Salt Lake City, Utah
June 23, 2018
June 23, 2018
July 27, 2018
Pre-College Engineering Education
Over the past ten years, there has been considerable attention to introducing K-12 students to engineering concepts and practices. This is most evident in the National Research Council’s Framework for K-12 Science Education and the recent introduction and adoption of the Next Generation Science Standards. A signature component of these documents is the introduction of scientific and engineering practices. The use of “practices” signifies the importance of learning, applying and transferring knowledge and skill simultaneously in a manner reflective of the work of scientists and engineers. In this manner, knowledge and practice are interconnected in designing and implementing meaningful learning experiences in K-12 science education. Equally important are the instructional practices teachers employ to facilitate and support K-12 students’ learning of science through engineering practices. To date, however, little evidence has been produced about elementary teachers’ engineering instructional practices and their impact on student science achievement. Using the theoretical lens of situated learning, researchers in this study examine how learners (elementary teachers and students) become part of a community of practice focused on engineering design in elementary science in which they learn from others (university STEM faculty) through an apprenticeship approach and advance to become full-fledged participants of the community. The context of this study is a large, university-school science partnership aimed at improving elementary/intermediate school (defined here as grades 3-6) students’ learning of science through engineering design. In this study, we examine what instructional practices elementary school teachers engage in when they introduce students to selected engineering design tasks and the impact these practices have student science achievement. The participants included four grade four teachers and their 93 students from rural and suburban school settings. Researchers conducted over 27 hours of formal classroom observations of each teacher's enactment of two multi-day design tasks. Classroom observations were analyzed using the Engineering Design-Based Classroom Observational Rubric – an observation tool developed, validated, and published by the research team. Students’ development of scientific knowledge was assessed by identical pre- and post-instruction tests composed of multiple-choice items that probed for varying levels of comprehension of both science and engineering concepts addressed in each unit design task. Tests were analyzed for item validity, and an overall Cronbach alpha reliability was calculated based on the post-test administration of the test. Simple descriptive statistics were calculated, and paired samples t-tests were used to assess students’ pre-test to post-test learning gains. Pearson product moment correlations were calculated between teachers’ observational rubric scores and students’ scores on the corresponding post-test. Results indicated that the teachers’ rubric scores were positively related to students’ test scores, suggesting that specific teacher practices, at least in certain cases, are related to better student outcomes. Implications of this study may provide direction for professional development efforts to better prepare teachers to integrate engineering design-based science instruction in elementary school science.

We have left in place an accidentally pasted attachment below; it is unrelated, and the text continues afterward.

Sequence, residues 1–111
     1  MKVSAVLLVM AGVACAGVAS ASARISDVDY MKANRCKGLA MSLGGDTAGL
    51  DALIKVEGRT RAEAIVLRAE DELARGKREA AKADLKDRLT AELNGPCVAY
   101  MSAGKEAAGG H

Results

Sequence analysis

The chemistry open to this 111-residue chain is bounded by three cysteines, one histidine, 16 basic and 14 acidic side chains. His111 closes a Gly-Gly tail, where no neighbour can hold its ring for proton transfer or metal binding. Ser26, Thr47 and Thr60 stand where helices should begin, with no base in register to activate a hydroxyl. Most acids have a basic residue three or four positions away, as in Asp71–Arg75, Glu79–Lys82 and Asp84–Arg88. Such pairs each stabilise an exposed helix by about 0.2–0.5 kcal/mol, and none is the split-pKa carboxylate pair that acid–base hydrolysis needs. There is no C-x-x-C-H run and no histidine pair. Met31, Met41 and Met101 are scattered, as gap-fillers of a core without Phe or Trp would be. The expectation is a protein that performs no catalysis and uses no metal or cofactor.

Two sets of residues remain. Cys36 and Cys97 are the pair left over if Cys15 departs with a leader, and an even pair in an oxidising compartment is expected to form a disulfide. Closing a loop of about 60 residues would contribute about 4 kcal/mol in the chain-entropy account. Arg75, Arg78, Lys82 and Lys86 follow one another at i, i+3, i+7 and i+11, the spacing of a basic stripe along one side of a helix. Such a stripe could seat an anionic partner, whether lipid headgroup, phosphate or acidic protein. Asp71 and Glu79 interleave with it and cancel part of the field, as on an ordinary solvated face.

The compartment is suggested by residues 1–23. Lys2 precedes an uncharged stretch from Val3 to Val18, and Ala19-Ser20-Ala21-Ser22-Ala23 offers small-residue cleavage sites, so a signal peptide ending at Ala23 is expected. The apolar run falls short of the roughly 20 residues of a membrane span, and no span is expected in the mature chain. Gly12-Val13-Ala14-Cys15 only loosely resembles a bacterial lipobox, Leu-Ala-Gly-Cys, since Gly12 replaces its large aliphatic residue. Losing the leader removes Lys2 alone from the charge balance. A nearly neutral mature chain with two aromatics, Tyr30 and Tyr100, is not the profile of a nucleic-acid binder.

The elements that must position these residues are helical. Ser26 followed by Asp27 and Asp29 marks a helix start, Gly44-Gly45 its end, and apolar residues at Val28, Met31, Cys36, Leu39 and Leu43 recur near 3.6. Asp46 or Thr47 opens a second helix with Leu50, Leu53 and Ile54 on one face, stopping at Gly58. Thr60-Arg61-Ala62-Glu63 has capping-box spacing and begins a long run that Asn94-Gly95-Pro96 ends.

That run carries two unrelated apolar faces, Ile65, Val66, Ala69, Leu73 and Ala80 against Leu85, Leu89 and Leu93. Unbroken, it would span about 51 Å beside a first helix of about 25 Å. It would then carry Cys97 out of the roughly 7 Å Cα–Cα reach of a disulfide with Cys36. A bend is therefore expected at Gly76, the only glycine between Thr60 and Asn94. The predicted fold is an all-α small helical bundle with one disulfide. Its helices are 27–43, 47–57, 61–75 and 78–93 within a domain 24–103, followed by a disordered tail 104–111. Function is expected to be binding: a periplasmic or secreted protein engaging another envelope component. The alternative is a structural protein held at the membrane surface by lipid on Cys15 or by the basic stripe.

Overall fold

Capobianco, B. M., & Lehman, J. (2018, June), Examining and Characterizing Elementary School Teachers' Engineering Design-based Instructional Practices and Their Impact on Students’ Science Achievement Paper presented at 2018 ASEE Annual Conference & Exposition , Salt Lake City, Utah. 10.18260/1-2--30465
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